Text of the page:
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Science in Medicine

gp130 receptor ligands as potential therapeutic targets for obesity

Mark A. Febbraio

Cellular and Molecular Metabolism Laboratory, Division of Diabetes and Metabolism, Baker Heart Research Institute, Melbourne, Victoria, Australia.

Address correspondence to: Mark A. Febbraio, Baker Heart Research Institute, PO Box 6492, St. Kilda Road Central, Melbourne, Victoria 8008, Australia. Phone: 61-3-9925-7305; Fax: 61-3-9925-7083; E-mail: mark.febbraio@baker.edu.au.

Published April 2, 2007

Obesity and its related cluster of pathophysiologic conditions including insulin resistance, glucose intolerance, dyslipidemia, and hypertension are recognized as growing threats to world health. It is now estimated that 10% of the world’s population is overweight or obese. As a result, new therapeutic options for the treatment of obesity are clearly warranted. Recent research has focused on the role that gp130 receptor ligands may play as potential therapeutic targets in obesity. One cytokine in particular, ciliary neurotrophic factor (CNTF), acts both centrally and peripherally and mimics the biologic actions of the appetite control hormone leptin, but unlike leptin, CNTF appears to be effective in obesity and as such may have therapeutic potential. In addition, CNTF suppresses inflammatory signaling cascades associated with lipid accumulation in liver and skeletal muscle. This review examines the potential role of gp130 receptor ligands as part of a therapeutic strategy to treat obesity.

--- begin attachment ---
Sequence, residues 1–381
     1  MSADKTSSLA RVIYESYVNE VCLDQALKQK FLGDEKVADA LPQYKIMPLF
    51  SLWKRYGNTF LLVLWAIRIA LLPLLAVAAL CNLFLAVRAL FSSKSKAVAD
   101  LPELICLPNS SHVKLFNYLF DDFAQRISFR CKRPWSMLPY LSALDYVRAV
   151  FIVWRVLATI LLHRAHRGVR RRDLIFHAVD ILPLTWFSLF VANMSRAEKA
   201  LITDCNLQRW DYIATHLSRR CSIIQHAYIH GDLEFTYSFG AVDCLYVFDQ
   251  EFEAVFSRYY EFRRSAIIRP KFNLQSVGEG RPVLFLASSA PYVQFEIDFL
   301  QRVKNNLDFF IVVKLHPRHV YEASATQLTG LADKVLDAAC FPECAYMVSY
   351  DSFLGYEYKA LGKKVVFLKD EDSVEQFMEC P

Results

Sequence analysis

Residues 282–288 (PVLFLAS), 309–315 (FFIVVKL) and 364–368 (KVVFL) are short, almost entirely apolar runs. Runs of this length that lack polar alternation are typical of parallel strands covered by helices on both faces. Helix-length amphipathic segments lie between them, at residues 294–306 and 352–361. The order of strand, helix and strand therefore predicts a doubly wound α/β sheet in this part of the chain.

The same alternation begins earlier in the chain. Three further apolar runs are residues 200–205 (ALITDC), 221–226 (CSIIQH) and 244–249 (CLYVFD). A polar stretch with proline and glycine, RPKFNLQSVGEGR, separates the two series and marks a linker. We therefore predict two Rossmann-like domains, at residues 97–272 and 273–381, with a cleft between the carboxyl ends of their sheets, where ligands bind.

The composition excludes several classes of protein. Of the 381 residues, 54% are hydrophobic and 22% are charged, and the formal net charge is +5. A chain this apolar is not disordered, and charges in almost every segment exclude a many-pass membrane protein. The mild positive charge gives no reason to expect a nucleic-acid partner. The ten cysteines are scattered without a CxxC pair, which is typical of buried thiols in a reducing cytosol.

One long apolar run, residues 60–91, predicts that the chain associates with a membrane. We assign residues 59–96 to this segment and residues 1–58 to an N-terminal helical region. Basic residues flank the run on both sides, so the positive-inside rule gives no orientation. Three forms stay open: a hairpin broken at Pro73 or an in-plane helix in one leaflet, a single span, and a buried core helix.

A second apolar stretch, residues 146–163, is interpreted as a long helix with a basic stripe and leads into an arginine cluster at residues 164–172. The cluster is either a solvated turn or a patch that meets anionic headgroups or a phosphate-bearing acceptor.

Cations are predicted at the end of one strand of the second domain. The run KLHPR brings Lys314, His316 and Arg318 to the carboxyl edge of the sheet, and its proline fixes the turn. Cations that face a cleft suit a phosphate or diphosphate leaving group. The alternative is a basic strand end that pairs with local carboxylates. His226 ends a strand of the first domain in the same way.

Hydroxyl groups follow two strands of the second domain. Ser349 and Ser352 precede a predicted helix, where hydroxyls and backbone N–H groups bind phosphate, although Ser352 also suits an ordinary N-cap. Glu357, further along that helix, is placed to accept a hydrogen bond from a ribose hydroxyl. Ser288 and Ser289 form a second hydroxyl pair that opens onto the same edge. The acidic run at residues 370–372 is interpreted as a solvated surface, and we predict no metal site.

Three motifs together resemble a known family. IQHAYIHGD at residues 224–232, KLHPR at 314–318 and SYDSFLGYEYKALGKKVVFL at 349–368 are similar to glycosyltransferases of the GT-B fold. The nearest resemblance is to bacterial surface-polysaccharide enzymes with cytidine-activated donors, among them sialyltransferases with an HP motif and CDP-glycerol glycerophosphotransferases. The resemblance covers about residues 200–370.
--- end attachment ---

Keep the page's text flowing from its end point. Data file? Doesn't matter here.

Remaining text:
The prevalence of adult obesity has increased approximately 75% in the last quarter century (1). The prevalence of children who are overweight and obese is also increasing in both developed and developing countries (2). Among the disorders associated with obesity, insulin resistance, glucose intolerance, and dyslipidemia promote the development of pancreatic β cell failure and overt type 2 diabetes. Current therapies to treat obesity center on lifestyle modifications, but for those individuals who do not respond to such treatment or cannot adhere to lifestyle intervention programs, bariatric surgery is often used. As this is neither a feasible nor a desirable treatment for a pandemic, drug therapy is a viable intervention for those in whom lifestyle modification has failed. Currently, there are 3 obesity drugs commonly prescribed. Xenical (orlistat) is a gastrointestinal lipase inhibitor known to cause moderate weight loss, but is associated with adverse gastrointestinal effects including colon cancer (3). Sibutramine, a monoamine reuptake inhibitor, results in greater weight loss compared with orlistat, but is associated with increased blood pressure and elevated heart rate. Rimonabant, the first of the endocannabinoid receptor antagonists, appears most promising, as it induces weight loss and improves waist circumference and HDL cholesterol concentration, but this drug is associated with the incidence of mood-related disorders (4). Disappointingly, none have resulted in consistent and effective weight loss, and to date, all antiobesity drug trials have been limited by their high attrition rates and lack of long-term morbidity and mortality data (4). Current therapeutic strategies for diabetes and related diseases such as insulin resistance usually involve the administration of thiazolidinediones (TZDs) in combination with other therapies. These too have many disadvantages, including weight gain, particularly when TZDs and insulin are coadministered (5). Access to a drug capable of concomitantly decreasing body weight while enhancing insulin action that does not induce adverse side effects such as those described above would have broad clinical impact.